The UNIQ function returns the subscripts of the unique elements in an array. Note that repeated elements must be adjacent in order to be found. This routine is intended to be used with the SORT function: see the examples below. This function was inspired by the UNIX uniq(1) command.

This routine is written in the IDL language. Its source code can be found in the file in the lib subdirectory of the IDL distribution.


Find the unique elements of an unsorted array:

; Create an array:
array = [1, 2, 1, 2, 3, 4, 5, 6, 6, 5]
; Variable B holds an array containing the sorted,
; unique values in array:
b = array[UNIQ(array, SORT(array))]

IDL prints

1    2    3    4    5    6


Result = UNIQ( Array [, Index] )

Return Value

UNIQ returns an array of indices into the original array. Note that the index of the last element in each set of non-unique elements is returned. If the optional Index argument is supplied, then the last index in the order provided by the Index array is returned.

The following expression returns a copy of the sorted array with duplicate adjacent elements removed:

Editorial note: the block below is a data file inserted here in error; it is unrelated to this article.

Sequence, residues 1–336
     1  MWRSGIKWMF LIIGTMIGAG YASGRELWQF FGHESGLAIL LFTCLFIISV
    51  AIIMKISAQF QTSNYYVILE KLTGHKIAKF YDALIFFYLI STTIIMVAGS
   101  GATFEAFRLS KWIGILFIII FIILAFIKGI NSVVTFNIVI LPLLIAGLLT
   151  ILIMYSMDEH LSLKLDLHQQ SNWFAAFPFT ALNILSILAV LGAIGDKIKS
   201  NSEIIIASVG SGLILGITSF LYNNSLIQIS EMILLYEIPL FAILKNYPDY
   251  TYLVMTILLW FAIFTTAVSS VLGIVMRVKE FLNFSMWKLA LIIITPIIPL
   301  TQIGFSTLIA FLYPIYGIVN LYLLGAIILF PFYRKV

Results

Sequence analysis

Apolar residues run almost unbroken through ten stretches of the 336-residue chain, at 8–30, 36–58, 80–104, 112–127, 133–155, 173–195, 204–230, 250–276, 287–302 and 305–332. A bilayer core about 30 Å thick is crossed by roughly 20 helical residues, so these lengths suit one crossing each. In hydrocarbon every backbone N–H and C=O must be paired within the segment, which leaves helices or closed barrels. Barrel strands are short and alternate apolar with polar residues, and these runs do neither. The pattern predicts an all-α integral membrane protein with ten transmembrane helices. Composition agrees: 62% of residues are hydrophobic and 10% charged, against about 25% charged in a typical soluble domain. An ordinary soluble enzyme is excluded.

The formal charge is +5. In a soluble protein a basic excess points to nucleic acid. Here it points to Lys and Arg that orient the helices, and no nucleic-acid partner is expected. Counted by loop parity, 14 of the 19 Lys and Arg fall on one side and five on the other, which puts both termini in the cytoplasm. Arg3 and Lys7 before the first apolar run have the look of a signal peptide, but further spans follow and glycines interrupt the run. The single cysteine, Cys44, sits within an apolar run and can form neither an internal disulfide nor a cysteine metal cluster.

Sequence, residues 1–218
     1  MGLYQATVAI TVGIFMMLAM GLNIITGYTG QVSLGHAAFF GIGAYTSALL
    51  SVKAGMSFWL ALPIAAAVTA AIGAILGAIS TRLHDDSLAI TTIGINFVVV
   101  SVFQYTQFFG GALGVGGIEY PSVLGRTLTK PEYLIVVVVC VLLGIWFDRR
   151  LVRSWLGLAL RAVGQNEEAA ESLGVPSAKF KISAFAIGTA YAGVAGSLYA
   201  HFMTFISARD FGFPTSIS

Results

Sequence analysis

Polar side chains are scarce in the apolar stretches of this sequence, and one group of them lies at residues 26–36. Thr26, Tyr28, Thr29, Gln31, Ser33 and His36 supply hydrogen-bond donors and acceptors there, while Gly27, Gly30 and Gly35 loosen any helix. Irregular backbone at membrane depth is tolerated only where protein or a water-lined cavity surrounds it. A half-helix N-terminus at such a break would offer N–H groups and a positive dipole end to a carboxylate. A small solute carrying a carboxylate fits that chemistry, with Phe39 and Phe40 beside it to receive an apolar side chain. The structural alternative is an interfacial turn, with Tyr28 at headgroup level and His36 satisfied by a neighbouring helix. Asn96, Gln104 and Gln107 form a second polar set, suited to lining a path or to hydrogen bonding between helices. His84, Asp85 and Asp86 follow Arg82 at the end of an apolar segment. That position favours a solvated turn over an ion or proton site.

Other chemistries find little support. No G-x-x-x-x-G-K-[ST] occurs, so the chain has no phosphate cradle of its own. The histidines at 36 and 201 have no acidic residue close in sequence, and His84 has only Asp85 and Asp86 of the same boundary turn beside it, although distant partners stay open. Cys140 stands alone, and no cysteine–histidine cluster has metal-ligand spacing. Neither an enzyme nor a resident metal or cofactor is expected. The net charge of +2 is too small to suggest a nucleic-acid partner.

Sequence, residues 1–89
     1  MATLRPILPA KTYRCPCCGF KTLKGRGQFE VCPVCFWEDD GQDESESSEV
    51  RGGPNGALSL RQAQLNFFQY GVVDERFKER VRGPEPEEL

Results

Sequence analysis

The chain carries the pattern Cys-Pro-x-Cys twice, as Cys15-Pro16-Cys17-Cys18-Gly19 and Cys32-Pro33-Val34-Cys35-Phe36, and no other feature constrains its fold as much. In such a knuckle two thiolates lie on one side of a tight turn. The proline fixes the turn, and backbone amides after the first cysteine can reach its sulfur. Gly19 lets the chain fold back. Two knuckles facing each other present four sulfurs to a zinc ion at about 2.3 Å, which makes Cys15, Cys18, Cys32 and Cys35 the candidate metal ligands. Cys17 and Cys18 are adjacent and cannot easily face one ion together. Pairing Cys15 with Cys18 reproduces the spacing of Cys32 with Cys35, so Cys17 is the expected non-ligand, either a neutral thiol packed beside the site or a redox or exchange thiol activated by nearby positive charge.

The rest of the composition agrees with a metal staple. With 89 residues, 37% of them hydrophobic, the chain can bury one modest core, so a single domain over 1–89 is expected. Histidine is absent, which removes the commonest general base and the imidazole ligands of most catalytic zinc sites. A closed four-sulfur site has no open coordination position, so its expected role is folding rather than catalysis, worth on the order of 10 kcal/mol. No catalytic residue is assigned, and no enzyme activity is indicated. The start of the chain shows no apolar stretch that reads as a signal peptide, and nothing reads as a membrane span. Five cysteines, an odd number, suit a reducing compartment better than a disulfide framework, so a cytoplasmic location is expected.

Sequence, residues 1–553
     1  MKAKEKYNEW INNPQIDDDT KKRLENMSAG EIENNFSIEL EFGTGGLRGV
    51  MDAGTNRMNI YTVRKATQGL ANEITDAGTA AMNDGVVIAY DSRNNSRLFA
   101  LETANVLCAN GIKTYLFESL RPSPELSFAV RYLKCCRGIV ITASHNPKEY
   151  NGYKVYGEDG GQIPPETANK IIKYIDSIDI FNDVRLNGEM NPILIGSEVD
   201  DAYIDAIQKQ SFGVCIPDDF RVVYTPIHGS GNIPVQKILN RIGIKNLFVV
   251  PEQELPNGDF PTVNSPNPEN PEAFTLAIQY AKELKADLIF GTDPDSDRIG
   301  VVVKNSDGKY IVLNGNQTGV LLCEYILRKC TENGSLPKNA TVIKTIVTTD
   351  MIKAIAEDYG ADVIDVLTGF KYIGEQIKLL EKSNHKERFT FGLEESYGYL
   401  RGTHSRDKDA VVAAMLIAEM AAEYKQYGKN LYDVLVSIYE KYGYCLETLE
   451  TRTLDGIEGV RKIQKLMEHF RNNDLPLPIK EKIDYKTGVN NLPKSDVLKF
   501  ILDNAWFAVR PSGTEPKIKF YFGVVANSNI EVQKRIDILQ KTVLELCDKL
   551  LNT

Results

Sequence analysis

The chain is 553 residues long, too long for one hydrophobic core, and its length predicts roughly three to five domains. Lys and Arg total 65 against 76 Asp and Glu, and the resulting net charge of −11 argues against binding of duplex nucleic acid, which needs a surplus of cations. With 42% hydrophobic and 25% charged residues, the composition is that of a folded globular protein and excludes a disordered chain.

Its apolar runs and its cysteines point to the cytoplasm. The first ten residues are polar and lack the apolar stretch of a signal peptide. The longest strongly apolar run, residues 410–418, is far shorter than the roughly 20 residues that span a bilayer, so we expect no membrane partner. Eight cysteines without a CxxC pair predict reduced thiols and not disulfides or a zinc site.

UNIQ returns 0 (zero) if the argument supplied is a scalar rather than an array.



The array to be scanned. For UNIQ to work properly, the array must be sorted into monotonic order unless the optional parameter Index is supplied.


This optional parameter is an array of indices into Array that order the elements into monotonic order. That is, the expression:


yields an array in which the elements of Array are rearranged into monotonic order.

The Index array can be generated from Array using the SORT function:

Index = SORT(Array)

If Array is not already in monotonic order, use the command:

UNIQ(Array, SORT(Array))

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See Also